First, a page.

Maryborough Fort, Portlaoise, Co. Laois.

Location – In the heart of Portlaoise town in what is now called Fitzmaurice Place next to the old CBS on Tower Hill. 
OS: S 470 984 (map 54)
GPS: S 47037 98481 (Accuracy - 5m)
Longitude: 7° 17' 55.5" W
Latitude: 53° 2' 5.9" N

See map at the bottom of the page.

Description and History – This really should have been the first place to have been put onto The Standing Stone as I saw this place every day while going to school as I went to the Christian Brother’s School just across the street. In fact, lunchtimes were often spent in Fitzmaurice Place in which the remains of the fort now stand. This is part of the original walls and fortress of the town.

The fort, which Portlaoise later grew around, was probably built in the middle of the 16th century. A fort was established here in 1548 by English settlers and was known as Fort Protector after the Lord Protector of England, the Duke of Somerset. The fortress was built as part of the Laois-Offaly plantations. In 1557 the name was changed to Maryborough in honour of Queen Mary. It was at this time that the name of the county was changed to Queen’s County. As the site of the first English plantation in the area it was, for a time, the only town in the county. However, by the 1650s it had been outgrown by both Mountrath and Ballinakill, both of which are dwarfed by Portlaoise today. By this time the population was largely Irish with only 48 English settlers. The early history of the town is bloody to say the least. Between its foundation in 1548 and 1607 the new town was witness to around thirty armed uprisings and was actually burned to the ground during the Geraldine Uprising in 1580. The fort was surrendered to Owen Roe O'Neill in 1646 before being retaken by Cromwell's forces in 1650. Following this the town saw a steady expansion into what is Portlaoise today.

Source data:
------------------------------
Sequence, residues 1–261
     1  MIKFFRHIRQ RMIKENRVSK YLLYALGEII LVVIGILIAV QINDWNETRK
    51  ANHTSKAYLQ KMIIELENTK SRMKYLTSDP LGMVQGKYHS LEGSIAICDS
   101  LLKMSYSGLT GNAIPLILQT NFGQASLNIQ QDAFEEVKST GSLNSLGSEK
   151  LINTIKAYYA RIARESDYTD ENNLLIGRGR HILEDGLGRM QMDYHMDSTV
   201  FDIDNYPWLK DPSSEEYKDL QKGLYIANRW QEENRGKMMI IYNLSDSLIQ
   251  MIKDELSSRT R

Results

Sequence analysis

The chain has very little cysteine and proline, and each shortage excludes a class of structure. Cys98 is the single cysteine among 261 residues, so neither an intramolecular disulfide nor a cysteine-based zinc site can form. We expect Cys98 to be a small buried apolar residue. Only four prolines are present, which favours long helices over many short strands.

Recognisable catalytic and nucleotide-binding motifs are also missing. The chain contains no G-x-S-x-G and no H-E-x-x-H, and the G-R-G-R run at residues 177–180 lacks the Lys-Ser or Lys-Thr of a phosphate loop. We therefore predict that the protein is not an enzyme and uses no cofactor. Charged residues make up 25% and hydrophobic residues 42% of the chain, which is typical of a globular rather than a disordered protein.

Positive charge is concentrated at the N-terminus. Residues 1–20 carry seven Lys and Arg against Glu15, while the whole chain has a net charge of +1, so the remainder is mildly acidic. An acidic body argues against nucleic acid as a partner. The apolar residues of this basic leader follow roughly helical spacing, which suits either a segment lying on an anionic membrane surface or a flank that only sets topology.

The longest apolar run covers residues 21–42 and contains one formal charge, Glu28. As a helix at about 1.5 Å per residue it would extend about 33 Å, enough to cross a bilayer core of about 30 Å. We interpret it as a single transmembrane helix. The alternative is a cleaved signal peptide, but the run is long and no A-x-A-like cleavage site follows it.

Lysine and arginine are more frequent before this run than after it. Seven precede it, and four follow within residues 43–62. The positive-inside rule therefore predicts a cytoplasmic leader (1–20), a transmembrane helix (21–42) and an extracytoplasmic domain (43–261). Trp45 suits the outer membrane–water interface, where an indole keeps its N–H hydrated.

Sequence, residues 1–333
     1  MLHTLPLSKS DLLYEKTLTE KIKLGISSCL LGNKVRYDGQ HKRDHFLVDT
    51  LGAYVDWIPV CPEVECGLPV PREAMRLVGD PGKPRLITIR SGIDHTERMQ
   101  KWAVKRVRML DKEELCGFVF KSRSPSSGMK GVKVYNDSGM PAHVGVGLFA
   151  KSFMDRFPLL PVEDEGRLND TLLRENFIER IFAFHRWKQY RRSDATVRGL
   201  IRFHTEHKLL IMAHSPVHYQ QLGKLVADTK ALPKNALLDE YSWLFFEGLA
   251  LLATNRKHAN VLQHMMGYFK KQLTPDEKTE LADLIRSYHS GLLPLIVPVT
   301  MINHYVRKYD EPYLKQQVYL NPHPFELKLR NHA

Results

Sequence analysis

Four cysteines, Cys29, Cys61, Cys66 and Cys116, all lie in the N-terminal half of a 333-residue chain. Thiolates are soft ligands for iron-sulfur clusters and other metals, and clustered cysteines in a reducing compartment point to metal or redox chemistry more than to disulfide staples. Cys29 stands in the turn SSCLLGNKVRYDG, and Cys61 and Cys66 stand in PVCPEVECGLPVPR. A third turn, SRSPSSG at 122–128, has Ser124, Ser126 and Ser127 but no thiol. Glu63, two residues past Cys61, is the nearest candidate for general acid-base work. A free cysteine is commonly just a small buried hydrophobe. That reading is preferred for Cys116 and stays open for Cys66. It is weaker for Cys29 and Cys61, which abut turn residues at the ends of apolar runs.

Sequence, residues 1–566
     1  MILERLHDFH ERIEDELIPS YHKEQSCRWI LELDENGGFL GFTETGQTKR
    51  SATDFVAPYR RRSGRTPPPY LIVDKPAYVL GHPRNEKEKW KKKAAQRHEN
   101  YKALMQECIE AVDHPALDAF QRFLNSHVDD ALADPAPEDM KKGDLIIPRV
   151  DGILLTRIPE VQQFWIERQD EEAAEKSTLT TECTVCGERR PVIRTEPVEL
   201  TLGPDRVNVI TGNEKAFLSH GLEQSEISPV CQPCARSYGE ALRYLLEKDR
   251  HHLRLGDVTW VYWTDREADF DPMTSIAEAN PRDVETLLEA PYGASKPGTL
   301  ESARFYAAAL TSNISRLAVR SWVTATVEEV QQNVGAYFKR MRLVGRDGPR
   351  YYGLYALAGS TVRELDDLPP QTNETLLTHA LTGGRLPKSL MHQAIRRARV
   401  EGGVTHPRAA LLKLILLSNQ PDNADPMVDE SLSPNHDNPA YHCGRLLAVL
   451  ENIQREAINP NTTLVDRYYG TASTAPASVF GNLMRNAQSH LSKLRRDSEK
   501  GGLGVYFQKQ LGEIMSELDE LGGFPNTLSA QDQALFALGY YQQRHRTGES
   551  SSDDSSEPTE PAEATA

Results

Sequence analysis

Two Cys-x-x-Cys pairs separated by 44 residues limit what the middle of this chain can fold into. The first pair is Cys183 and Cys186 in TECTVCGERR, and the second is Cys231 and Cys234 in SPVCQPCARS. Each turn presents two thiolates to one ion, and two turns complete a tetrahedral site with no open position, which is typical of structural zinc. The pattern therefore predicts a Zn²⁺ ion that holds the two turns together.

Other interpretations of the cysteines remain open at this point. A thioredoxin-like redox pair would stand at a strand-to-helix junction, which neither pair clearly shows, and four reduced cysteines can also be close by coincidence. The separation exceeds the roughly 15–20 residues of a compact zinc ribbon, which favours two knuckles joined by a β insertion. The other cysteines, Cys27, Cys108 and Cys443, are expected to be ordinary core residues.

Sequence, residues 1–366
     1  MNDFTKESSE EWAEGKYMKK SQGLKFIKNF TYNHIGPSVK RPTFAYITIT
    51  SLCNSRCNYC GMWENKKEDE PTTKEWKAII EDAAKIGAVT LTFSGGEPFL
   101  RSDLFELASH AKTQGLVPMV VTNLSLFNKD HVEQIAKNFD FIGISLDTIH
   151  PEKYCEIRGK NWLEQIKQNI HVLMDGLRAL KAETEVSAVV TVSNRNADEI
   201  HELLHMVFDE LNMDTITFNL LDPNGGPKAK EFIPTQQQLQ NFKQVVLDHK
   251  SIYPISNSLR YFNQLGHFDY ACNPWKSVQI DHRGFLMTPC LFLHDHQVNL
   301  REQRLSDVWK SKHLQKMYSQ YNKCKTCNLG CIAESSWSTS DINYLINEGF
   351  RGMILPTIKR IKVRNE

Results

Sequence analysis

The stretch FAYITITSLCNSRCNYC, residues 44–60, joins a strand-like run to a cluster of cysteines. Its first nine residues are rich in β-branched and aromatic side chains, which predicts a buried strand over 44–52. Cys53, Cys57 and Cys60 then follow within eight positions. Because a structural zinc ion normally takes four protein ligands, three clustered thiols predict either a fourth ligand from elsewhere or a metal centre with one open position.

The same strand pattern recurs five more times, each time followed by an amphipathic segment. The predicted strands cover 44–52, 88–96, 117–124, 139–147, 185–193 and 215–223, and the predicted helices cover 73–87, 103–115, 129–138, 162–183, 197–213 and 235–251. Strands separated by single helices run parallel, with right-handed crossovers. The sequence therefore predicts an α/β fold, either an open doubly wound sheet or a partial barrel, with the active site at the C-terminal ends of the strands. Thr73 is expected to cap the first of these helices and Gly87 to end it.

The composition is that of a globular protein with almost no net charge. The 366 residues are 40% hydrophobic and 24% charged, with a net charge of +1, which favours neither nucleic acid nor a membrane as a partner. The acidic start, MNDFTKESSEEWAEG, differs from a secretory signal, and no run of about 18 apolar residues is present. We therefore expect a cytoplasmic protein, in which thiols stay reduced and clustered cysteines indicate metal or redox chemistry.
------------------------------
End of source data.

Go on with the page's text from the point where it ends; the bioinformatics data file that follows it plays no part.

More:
As to the remains of the fort, all that remains is one corner tower and two short portions of defensive wall. The tower stands to a height of 6m and has a slight batter. It is now joined to many modern buildings and the inside cannot be accessed.

Luckily there has been a lot of interest in the old town walls as of late and the Laois Heritage Society have received limited funding from the Heritage Council to produce a conservation report for Fort Protector. This has been backed by Laois County Council and 3D laser scans have recently been carried out on the remaining structure.

Difficulty – Easy to spot and navigate with parking close by. 

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